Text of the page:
Today, in this instalment of our property surveying blog, we are going to be taking an in-depth and focussed look at boundary disputes, boundary determination and boundary surveying.
We are going to be taking a deep dive into some of the more typical questions we find ourselves asked here at Stokemont on a daily basis!
What do I do once I have my boundary report?
First and foremost, we would advise fully discussing it with the boundary surveyor who completed it.
The aim is to ensure you not only fully understand the outcome, however are fully aware of the surveyor’s logic in getting to that point.
Assuming the report goes in your favour in respect of the boundary line position, we would then advise you share the report with your neighbour in an effort to open up discussions and aid resolution of the specific boundary dispute at hand.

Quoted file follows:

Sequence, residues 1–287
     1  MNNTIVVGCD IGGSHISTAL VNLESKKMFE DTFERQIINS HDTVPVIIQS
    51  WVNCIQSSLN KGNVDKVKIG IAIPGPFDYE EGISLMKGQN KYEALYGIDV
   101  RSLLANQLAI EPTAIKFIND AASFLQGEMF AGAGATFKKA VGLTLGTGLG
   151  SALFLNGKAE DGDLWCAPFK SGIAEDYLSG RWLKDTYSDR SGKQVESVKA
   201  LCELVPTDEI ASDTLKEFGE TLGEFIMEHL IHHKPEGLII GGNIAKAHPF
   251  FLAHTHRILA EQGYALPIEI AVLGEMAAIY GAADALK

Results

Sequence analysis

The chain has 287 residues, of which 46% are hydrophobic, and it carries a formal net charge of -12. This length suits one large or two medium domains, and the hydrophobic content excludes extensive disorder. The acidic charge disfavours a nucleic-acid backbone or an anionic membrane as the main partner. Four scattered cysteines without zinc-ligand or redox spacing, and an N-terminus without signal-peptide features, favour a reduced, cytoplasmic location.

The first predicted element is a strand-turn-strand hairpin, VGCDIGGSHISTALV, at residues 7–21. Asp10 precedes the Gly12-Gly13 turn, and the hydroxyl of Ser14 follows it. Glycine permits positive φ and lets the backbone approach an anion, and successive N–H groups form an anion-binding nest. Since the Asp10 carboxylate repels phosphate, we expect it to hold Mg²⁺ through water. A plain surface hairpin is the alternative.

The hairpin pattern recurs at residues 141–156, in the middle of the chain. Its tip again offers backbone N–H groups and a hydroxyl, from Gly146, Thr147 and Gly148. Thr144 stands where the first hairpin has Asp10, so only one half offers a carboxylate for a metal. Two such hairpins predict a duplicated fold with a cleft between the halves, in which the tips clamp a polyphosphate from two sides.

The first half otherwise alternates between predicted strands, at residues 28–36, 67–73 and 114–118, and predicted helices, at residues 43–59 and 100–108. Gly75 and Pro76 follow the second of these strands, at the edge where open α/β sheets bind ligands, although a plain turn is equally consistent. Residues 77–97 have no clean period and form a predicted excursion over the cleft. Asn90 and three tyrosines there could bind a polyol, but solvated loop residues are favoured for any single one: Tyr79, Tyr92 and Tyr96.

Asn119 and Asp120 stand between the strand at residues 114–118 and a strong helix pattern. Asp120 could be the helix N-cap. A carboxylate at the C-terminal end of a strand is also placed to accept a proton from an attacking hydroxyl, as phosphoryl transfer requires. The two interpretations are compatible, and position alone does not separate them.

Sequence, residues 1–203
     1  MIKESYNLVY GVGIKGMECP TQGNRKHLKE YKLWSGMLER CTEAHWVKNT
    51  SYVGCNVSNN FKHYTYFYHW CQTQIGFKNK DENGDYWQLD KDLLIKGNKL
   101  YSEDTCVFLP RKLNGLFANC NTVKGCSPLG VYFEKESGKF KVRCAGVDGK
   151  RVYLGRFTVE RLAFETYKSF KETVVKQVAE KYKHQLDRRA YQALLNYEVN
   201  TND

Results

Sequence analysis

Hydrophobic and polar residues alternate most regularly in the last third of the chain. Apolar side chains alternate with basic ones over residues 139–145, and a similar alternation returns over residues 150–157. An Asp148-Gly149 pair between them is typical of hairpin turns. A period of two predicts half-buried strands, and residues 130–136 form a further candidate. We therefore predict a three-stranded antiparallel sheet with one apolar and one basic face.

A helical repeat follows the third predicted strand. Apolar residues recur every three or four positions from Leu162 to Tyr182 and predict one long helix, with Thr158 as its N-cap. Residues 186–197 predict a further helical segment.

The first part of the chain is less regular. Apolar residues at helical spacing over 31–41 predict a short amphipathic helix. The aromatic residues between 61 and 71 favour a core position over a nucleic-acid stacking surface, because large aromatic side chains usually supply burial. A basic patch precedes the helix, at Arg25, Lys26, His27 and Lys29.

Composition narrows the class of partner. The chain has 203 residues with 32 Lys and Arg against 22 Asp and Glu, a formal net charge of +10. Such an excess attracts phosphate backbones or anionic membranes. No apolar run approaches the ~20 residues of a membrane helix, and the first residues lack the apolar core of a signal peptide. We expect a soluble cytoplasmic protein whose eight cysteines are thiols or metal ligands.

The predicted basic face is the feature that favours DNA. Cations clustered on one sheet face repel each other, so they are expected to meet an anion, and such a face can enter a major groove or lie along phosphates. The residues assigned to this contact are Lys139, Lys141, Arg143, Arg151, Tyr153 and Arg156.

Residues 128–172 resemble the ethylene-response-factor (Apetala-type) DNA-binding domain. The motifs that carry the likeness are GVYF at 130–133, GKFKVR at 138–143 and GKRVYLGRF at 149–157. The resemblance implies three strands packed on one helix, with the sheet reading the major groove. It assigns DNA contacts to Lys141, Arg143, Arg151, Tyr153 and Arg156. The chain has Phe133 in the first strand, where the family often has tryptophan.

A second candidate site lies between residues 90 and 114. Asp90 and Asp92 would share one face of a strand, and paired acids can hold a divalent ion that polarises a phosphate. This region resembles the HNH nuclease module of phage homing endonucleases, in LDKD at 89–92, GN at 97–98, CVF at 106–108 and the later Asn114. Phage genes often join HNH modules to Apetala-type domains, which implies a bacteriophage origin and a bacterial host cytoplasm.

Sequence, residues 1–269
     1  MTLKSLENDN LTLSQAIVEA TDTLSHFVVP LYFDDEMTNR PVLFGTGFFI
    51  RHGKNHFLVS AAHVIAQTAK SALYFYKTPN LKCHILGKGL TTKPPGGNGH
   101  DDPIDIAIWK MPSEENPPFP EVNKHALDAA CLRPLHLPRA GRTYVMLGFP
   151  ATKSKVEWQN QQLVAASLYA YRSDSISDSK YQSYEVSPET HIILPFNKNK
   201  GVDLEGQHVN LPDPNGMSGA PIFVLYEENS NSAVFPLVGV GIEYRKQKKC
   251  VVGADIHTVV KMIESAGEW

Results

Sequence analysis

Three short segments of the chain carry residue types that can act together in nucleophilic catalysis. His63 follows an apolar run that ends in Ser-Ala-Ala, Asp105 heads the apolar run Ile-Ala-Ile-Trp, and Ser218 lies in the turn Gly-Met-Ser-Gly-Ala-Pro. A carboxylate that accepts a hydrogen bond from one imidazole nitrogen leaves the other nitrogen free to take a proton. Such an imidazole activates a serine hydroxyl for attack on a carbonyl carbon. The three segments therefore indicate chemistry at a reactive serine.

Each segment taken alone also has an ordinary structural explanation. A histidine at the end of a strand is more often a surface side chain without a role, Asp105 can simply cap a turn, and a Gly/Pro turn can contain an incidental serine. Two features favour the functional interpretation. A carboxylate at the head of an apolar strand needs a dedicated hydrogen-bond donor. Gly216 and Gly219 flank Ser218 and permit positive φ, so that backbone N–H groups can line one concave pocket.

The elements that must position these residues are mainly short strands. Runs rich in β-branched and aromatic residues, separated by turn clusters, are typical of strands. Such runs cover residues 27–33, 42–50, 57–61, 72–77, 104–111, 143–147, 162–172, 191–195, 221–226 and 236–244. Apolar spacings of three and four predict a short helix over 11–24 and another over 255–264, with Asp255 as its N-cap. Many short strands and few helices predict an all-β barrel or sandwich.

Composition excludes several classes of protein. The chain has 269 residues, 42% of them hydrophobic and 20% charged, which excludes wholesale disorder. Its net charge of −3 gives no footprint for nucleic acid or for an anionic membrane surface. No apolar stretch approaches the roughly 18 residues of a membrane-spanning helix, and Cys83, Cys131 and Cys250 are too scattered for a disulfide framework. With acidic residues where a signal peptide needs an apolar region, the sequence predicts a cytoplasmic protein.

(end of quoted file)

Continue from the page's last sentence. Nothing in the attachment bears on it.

The aim is to ensure that they too, are abreast of the content so you can them can have an informed discussion.
What happens if my neighbour does not remove the trespass?
In the event that the boundary report has been in your favour, and the report has been shared with the neighbour, however that neighbour doesn’t abate the nuisance or trespass.
We would advise seeking legal advice from an experienced and qualified solicitor.
We can indeed recommend solicitors who have assisted clients in the past, and who would be best placed to advise you.
Ultimately, the solicitor will start procedures to pursue the neighbouring owner through the necessary court protocols, holding them to account for the trespass and ensuring that the boundary is reinstated in its correct and rightful position.